10 Dec

Building Supportable Systems (Monitoring)

Once an application is running in a production environment it can become more complicated to access the systems the application is running on. For example that the web servers might be running in a DMZ where the developers don’t have access to easily view logs (though this shouldn’t be the case if you read the previous article about log management). Another example is when you have a website or application which has down-stream system dependencies such as APIs or back-end database systems, and you want to know if these systems are healthy to determine the health of your own application.

Without the ability to quickly gauge the health of your application and its dependencies, you can waste a lot of time fault finding outages in your application which might not actually be a result of your code.

More Metrics.Net

Once again, the Metrics.Net NuGet package comes to the rescue here. One of the features it offers is a “health check” implementation which can be monitored and the results aggregated. If you don’t already have Metrics.Net in your project, you can add it in the usual way:

Install-Package Metrics.Net

Once installed it’s simply a matter of using the fluent configuration API to specify an endpoint and counters configuration. In the following example I’m registering two HealthCheck classes, one to check the availability of a database (for example by creating and checking a persistent connection) and the other to ensure there is sufficient disk space on the server. These are pretty basic examples, perhaps your application or website depends on a back-end API or SOAP service, so in these cases you could perform a regular a status check on those.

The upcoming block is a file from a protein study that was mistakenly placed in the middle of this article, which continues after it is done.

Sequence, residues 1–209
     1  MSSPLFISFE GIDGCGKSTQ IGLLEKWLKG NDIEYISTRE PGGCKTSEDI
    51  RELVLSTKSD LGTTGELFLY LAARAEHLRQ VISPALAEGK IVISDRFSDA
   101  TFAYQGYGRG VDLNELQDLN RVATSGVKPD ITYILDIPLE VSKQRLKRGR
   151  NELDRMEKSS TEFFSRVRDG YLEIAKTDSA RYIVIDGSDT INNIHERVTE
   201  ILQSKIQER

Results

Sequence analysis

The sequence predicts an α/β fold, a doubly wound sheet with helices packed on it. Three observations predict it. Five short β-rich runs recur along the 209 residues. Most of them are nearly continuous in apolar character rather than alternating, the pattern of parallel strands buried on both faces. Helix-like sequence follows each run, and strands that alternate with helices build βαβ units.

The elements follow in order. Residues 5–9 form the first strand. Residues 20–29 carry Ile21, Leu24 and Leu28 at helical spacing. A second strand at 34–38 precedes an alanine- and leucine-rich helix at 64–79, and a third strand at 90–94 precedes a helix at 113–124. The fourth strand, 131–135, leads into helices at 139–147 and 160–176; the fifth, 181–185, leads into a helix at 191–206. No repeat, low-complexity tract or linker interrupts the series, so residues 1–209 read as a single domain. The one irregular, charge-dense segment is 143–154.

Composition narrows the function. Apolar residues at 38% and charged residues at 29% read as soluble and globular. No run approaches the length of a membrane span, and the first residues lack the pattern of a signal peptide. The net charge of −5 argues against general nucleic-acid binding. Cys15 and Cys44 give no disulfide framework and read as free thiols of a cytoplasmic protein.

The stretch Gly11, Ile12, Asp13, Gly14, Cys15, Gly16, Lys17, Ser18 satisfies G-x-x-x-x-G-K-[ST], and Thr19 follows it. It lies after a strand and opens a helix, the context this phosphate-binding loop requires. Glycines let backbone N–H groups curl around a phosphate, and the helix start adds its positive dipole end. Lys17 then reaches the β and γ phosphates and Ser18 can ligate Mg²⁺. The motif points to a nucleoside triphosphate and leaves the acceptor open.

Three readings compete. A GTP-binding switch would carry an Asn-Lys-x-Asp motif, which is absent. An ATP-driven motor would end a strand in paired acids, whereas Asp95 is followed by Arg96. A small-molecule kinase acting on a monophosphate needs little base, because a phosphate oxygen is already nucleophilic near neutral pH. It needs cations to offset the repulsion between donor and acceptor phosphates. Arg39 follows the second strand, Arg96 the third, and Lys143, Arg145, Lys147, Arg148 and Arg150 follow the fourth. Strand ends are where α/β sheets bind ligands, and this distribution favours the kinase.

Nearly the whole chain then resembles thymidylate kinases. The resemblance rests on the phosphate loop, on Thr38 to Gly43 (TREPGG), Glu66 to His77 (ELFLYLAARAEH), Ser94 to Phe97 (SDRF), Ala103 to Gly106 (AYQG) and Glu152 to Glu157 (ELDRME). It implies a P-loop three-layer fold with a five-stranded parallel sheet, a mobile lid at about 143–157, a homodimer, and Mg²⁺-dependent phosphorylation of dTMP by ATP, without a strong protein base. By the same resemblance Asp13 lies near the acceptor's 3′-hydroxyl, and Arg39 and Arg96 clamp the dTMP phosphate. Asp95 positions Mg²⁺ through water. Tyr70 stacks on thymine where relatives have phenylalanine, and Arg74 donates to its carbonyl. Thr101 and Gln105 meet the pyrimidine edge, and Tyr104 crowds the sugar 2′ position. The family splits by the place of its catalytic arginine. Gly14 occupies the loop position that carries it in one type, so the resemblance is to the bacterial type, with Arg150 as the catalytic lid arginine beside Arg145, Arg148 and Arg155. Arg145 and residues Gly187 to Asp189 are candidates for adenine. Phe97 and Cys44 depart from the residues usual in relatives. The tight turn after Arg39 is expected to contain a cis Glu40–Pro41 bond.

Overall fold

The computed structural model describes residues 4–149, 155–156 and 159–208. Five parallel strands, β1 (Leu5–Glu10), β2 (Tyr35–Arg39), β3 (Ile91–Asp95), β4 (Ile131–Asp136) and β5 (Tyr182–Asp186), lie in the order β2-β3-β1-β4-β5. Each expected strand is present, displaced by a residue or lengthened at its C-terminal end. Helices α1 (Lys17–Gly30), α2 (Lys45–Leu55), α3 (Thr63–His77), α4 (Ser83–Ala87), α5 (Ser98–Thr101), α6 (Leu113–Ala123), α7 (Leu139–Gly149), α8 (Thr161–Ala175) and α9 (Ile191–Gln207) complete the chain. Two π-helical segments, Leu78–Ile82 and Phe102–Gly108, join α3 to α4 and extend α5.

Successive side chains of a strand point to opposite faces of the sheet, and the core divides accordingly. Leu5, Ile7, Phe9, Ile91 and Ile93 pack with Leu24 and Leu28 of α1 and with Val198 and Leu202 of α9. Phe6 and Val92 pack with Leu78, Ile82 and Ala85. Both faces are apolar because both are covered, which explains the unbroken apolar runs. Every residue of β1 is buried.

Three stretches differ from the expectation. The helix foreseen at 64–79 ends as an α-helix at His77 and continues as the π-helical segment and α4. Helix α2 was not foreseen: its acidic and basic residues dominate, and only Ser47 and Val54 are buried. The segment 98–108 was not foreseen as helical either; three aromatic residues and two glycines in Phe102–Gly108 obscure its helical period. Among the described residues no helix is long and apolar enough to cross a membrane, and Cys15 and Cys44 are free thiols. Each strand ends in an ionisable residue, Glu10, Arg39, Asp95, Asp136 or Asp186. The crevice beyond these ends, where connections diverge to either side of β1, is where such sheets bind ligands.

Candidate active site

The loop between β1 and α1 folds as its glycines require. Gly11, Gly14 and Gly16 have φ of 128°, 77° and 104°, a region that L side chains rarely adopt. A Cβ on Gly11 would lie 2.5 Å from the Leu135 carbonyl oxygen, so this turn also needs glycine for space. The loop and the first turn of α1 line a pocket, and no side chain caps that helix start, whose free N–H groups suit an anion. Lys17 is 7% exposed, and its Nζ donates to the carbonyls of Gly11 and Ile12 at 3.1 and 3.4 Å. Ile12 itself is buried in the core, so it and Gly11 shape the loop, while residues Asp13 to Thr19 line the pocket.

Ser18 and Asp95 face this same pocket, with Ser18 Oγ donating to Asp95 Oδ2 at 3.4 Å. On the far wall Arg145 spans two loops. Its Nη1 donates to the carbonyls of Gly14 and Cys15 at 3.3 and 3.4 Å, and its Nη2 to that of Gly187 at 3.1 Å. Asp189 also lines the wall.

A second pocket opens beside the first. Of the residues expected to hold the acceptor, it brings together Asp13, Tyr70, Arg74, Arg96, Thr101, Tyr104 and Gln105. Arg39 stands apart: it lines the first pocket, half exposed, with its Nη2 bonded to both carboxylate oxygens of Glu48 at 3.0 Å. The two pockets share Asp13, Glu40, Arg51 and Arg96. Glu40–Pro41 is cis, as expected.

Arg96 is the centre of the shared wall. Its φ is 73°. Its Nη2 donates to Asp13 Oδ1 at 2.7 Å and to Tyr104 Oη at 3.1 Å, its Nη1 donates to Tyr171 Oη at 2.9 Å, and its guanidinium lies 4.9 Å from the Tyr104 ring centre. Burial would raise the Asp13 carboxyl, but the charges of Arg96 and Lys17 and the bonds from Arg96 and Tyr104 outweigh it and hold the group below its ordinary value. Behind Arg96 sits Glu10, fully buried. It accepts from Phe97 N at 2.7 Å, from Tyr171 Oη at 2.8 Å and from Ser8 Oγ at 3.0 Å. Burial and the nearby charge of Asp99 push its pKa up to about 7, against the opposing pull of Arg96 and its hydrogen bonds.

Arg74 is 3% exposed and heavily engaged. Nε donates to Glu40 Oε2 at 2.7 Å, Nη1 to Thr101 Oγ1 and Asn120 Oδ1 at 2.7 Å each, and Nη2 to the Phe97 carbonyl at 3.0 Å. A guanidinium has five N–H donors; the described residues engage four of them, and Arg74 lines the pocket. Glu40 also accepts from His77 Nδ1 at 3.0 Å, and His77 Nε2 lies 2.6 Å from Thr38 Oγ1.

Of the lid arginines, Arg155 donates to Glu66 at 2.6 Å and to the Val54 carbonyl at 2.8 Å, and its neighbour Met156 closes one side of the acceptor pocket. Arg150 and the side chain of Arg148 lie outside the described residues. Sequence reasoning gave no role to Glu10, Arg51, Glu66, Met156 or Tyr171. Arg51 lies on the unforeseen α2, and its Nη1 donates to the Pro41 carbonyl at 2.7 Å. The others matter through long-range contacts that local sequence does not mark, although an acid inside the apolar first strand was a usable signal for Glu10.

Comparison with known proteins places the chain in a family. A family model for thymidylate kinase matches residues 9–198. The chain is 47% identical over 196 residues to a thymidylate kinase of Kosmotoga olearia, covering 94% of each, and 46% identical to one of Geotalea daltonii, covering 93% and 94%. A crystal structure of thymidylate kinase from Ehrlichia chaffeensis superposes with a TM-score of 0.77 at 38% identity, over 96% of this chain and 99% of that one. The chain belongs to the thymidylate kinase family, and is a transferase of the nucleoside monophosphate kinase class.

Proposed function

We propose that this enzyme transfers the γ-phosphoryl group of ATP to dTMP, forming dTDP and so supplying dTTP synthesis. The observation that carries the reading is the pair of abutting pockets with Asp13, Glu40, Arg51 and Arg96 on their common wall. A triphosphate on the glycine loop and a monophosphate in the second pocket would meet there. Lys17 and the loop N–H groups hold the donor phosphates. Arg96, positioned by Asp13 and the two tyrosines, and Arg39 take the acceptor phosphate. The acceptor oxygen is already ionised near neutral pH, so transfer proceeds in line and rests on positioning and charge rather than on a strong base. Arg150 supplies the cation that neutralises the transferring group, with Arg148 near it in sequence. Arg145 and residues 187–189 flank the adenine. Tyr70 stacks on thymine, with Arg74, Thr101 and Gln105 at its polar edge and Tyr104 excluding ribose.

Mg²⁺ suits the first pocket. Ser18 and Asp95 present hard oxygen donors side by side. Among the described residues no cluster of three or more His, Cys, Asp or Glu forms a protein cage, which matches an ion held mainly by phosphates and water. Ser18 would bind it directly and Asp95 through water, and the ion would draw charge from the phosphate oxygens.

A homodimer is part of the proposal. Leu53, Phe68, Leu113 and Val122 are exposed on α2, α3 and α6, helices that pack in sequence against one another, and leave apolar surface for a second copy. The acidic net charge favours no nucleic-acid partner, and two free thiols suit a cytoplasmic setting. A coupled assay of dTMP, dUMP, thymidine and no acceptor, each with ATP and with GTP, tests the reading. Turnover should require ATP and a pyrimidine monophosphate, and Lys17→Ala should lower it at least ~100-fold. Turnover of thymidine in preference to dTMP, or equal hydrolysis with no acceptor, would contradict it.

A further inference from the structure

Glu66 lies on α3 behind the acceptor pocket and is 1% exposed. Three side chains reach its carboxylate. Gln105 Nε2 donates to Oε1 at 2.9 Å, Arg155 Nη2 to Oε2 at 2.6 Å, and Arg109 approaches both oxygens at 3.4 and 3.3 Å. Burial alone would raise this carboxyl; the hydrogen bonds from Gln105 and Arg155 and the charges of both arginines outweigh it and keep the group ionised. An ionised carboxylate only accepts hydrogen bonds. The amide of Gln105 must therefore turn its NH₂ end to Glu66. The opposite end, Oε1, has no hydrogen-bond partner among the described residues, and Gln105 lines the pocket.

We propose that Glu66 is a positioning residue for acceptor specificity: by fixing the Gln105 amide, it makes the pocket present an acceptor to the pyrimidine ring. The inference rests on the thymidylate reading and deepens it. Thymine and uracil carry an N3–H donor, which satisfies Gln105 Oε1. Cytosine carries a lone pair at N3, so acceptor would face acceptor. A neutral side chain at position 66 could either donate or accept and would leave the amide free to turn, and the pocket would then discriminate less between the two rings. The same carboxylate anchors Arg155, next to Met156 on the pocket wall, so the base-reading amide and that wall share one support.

Metric.Config
.WithHttpEndpoint("http://localhost:1234/metrics/")
.WithAllCounters();
HealthChecks.RegisterHealthCheck(new DatabaseHealthCheck());
HealthChecks.RegisterHealthCheck(new DiskHealthCheck());

Implementing HealthChecks

Implementation of the actual HealthChecks is very straight-forward and nicely encapsulated by deriving from a HealthCheck base class. For example:

public class DatabaseHealthCheck : HealthCheck
{
private readonly IDatabase database;
public DatabaseHealthCheck(IDatabase database)
: base("DatabaseCheck")
{
this.database = database;
HealthChecks.RegisterHealthCheck(this);
}
protected override HealthCheckResult Check()
{
// exceptions will be caught and
// the result will be unhealthy
this.database.Ping();
return HealthCheckResult.Healthy();
}
}

Monitoring HealthChecks

Viewing the state of your application health checks is very simple as well. You can either access them through the Metrics.Net web dashboard by going to ~/metrics (default) in your browser or you can call another endpoint to receive an HTML or JSON encoded version of the health check data.

This image shows an example of what the web console displays for unhealthy (red, at the top) and healthy (green, below) health checks. As you can see it’s really obvious which ones are failing at the time and you can quickly take action to rectify the problem(s).

Applied Health Checks

Another use for health checks is for application monitoring by network infrastructure such as load balancers. Most load balancers will periodically monitor an end-point on your website or application to determine whether the application is in a state capable of accepting traffic. If not, the load balancer will remove that instance of the application from its pool of available servers. This can be particularly useful if you have a farm of web servers and you want to distribute the load evenly across them or provide fault-tolerance.

Using the above health check process you can either create a specific implementation to respond to your load balancer query, or you can simply configure your load balancer to call the standard end-point and react based on the aggregate result of your health checks.